The AT Act had been scheduled to sunset at the end of FY 2001, but action late in the first session of the 107th Congress forestalled this by extending the program through September 30, 2002. With this reprieve, we must consider whether it should be reauthorized and what form any long-term reauthorization should take.

Congress is expected to hold hearings on the AT Act early in the 2002 session. NCD believes that the AT Act should be reauthorized. Without this statute, it is unclear who could perform the many valuable functions currently carried out by the state-based AT projects. It is also unclear what could replace the voice for AT and accessibility in the councils of state government that the AT Act projects represent.

The state AT projects have also been responsible for operating the loan funds favored by the Administration. Were these state AT programs not to continue, other alternatives for the operation and accountability of the loan programs would need to be identified.

In many areas, the experience and knowledge of the AT Act programs are unique and irreplaceable. Before we abolish these small but tremendously instrumental programs, we must be able to answer the question of who or what will take their place. NCD believes that in the absence of any entity or institution readily available to fulfill the roles played by these small programs at state level, the AT Act should be reauthorized.

Another part of the AT Act has involved the provision of funds to the state-based protection and advocacy (P&A) programs for AT work. These funds, though again small in amount, have facilitated the development of nationwide expertise on a variety of legal issues surrounding AT and have contributed to the development of important public policy and legal initiatives.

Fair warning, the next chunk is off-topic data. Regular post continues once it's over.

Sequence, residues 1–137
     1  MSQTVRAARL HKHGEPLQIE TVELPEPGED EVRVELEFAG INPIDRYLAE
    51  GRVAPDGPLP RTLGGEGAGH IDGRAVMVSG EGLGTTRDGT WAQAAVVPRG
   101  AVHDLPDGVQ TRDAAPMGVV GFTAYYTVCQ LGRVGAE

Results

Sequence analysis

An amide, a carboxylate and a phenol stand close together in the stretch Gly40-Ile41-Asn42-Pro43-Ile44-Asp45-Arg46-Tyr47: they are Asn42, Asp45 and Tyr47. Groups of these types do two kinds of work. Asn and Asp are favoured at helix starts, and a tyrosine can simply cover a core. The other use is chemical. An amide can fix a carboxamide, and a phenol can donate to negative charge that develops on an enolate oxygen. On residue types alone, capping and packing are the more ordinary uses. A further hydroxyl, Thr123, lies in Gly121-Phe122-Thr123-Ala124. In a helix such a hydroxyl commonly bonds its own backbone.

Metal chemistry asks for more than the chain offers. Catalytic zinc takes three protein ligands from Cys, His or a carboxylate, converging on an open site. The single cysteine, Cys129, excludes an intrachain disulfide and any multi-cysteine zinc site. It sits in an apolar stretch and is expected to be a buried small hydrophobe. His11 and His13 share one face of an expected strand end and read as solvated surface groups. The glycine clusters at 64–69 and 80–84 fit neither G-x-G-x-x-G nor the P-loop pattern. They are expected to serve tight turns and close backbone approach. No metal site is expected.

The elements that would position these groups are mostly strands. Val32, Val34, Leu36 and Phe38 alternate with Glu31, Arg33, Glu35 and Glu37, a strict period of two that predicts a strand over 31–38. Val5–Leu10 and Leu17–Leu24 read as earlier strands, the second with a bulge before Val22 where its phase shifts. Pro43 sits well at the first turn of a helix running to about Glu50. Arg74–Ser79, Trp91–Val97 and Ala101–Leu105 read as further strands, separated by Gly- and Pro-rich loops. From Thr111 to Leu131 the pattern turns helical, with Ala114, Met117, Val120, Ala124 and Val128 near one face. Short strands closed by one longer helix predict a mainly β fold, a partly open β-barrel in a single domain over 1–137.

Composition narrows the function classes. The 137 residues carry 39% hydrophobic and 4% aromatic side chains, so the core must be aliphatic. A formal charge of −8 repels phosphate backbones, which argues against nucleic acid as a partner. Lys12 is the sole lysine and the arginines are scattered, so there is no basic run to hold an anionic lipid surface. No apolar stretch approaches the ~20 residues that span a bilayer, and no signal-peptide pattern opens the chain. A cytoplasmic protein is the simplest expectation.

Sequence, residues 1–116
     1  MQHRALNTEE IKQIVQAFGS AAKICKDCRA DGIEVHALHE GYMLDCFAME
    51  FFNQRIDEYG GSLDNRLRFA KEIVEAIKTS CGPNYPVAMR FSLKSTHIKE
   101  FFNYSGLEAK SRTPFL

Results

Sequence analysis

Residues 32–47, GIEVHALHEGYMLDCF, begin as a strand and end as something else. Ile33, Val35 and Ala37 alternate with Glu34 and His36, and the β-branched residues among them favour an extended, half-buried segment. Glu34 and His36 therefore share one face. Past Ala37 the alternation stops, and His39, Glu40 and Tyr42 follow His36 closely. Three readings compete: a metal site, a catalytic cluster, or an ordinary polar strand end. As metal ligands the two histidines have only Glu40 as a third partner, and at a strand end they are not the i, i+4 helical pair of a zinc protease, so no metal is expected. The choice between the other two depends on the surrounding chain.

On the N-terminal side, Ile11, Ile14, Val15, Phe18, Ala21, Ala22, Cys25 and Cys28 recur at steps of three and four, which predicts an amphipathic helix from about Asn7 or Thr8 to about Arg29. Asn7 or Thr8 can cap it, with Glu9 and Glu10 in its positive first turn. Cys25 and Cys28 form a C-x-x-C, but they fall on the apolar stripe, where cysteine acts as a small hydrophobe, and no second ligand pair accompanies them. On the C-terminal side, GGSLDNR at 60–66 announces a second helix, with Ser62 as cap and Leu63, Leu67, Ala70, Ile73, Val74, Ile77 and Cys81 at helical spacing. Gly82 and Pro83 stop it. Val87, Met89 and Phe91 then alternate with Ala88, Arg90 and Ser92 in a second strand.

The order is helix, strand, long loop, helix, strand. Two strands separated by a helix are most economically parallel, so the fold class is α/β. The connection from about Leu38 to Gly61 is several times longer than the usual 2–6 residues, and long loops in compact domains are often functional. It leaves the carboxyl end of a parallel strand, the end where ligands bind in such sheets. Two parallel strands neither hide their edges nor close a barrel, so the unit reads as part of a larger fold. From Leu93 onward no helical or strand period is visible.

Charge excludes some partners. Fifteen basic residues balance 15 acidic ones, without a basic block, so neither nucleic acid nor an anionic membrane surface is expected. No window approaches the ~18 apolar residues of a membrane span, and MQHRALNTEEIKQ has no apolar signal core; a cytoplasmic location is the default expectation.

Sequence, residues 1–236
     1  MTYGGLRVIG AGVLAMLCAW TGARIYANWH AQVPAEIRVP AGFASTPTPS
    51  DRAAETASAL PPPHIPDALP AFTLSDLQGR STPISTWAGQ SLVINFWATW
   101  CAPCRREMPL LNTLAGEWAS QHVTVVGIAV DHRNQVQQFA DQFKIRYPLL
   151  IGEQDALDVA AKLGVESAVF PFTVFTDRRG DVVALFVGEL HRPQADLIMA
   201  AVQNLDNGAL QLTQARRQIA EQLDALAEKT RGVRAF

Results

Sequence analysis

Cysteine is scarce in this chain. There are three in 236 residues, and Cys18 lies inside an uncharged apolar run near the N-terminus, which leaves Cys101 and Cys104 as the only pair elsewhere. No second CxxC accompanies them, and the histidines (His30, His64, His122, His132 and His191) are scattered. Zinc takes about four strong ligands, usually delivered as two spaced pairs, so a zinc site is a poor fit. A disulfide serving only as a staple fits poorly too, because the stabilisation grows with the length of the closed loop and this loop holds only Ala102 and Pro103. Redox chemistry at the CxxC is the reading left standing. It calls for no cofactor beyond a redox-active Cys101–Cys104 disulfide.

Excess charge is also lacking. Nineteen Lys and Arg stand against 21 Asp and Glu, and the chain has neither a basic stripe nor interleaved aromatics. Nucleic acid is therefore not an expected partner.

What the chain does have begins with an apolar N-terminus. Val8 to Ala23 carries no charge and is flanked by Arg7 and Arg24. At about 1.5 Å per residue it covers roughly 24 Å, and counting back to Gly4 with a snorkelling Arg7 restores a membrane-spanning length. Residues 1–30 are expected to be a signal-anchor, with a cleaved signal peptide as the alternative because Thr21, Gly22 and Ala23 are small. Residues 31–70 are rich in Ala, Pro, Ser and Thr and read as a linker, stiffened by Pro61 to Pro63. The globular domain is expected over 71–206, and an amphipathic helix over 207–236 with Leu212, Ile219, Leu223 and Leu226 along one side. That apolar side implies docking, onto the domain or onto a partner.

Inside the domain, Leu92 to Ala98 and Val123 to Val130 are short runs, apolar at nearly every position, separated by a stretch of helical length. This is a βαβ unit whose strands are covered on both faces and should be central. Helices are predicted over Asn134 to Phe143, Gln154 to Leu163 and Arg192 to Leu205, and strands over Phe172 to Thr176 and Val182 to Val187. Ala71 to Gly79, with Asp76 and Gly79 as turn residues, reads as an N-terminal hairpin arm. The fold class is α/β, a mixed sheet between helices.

While the P&As derive their funds from a number of program sources, the AT Act is the only source that focuses on AT. Again, in the absence of any alternative resources willing and capable of taking their place in this work, Congress should preserve this valuable resource, which we believe yields far more than its minimal cost. Accordingly, NCD recommends that P&A funding be continued as an element of the AT Act program.

Chapter 12



Early in 2001, NCD wrote to the secretary of state requesting that American foreign policy initiatives ensure protection of the civil rights of persons with disabilities.129 Although respectful of other cultures, including those with values differing from our own, we believe that many legitimate opportunities exist within the framework of the variety of international aid and development programs, cultural exchanges, and bilateral and multilateral relationships we maintain to encourage the fullest possible inclusion of people with disabilities in all activities and benefits.

NCD appreciates that the State Department has been totally absorbed in other concerns of the most fateful sort during the final months of 2001.